In respoonse to GoshisDead, I would only say that if the furniture the furniture maker produces conveys an emotion that he feels, then it is art. If it does not, then it is not art, regardless of medium.
 
GoshisDead
 
Reply Fri 26 Mar, 2010 12:32 pm
@sjk,
Then by that means the video game design team if it portrays their emotions through the video game it must be art.
 
sjk
 
Reply Fri 26 Mar, 2010 12:44 pm
@hammersklavier,
That is in sorts true, but it depends if the player connects with the character or transposes their own emotions into the videogame. Hence a videogame would be good art if the person connects with the character. However, the videogame would not be art singular, but because various emotions would be expressed throughout the game, it would therefore be multiple pieces of art.

---------- Post added 03-26-2010 at 01:47 PM ----------

I concede now that my first reply to this thread was far too brash in rejecting it as single art, but adapted I sort of adapted it in my third reply
 
GoshisDead
 
Reply Fri 26 Mar, 2010 12:57 pm
@sjk,
I have the feeling that people are limiting this discussion to the visual aethetics of the video game. Most enjoyable videogames have a real time narrative much like good literature, or good cinema. Granted the plots themselves are somewhat limited because of the first person interaction with the environments created, but yet they are real immersive, emotional narratives. One might indeed argue that it approaches the ultimate in high art. And interactive cinematic drama complete with visual, musical, and narrative art media combined with a first person interaction experience that more easily facilitates the tranference of emotion from the designer/artist to the consumer.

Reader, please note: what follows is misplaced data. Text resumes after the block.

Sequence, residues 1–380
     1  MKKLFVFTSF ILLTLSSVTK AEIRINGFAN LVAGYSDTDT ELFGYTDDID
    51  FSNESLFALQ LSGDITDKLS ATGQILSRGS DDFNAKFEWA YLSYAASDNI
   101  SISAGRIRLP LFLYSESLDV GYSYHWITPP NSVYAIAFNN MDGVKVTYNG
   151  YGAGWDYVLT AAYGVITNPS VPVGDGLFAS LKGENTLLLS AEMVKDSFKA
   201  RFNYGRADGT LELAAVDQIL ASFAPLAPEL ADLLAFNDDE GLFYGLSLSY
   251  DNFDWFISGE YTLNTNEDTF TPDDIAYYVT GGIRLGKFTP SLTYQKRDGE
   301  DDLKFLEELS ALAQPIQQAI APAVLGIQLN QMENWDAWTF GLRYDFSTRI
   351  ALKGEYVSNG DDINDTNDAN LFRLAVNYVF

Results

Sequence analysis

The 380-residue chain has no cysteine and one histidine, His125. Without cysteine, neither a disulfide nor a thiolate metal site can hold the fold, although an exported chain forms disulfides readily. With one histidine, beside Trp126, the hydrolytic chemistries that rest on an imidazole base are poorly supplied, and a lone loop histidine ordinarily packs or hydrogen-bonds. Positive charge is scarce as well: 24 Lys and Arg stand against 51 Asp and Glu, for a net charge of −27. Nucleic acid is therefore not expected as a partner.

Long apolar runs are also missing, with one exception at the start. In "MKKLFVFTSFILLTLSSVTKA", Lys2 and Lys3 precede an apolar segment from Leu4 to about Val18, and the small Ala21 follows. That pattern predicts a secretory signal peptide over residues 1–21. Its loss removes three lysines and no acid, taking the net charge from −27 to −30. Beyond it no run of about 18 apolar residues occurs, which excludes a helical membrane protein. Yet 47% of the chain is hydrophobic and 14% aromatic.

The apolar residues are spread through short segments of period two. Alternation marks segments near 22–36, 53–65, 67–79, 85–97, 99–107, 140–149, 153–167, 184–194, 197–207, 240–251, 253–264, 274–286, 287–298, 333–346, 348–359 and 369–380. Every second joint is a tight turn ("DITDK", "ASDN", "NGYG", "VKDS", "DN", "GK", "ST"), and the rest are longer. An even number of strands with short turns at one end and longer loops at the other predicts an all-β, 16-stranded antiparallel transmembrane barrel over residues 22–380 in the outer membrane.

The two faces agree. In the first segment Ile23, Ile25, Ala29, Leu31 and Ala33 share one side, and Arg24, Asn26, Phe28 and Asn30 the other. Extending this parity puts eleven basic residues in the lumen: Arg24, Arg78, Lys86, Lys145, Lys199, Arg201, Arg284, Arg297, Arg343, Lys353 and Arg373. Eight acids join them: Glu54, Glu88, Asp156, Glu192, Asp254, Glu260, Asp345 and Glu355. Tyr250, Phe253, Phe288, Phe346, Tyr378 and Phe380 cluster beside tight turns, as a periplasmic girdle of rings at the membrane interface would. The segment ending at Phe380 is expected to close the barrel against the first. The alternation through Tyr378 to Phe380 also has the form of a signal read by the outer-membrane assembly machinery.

PappasNick
 
Reply Fri 26 Mar, 2010 01:03 pm
@GoshisDead,
GoshisDead;144136 wrote:
I have the feeling that people are limiting this discussion to the visual aethetics of the video game. Most enjoyable videogames have a real time narrative much like good literature, or good cinema. Granted the plots themselves are somewhat limited because of the first person interaction with the environments created, but yet they are real immersive, emotional narratives. One might indeed argue that it approaches the ultimate in high art. And interactive cinematic drama complete with visual, musical, and narrative art media combined with a first person interaction experience that more easily facilitates the tranference of emotion from the designer/artist to the consumer.


I think you're right - it's the whole package.

What would a philosophy video game be like? What would have to go into the making of it? Would there be a market for such a thing?
 
GoshisDead
 
Reply Fri 26 Mar, 2010 01:08 pm
@PappasNick,
It would probably start with the question. Do you exist yes or no? You pick and answer and then a game over screen with the whaaa whaaa whaaa 8 bit character dies noise.
 
Baal
 
Reply Fri 26 Mar, 2010 01:50 pm
@GoshisDead,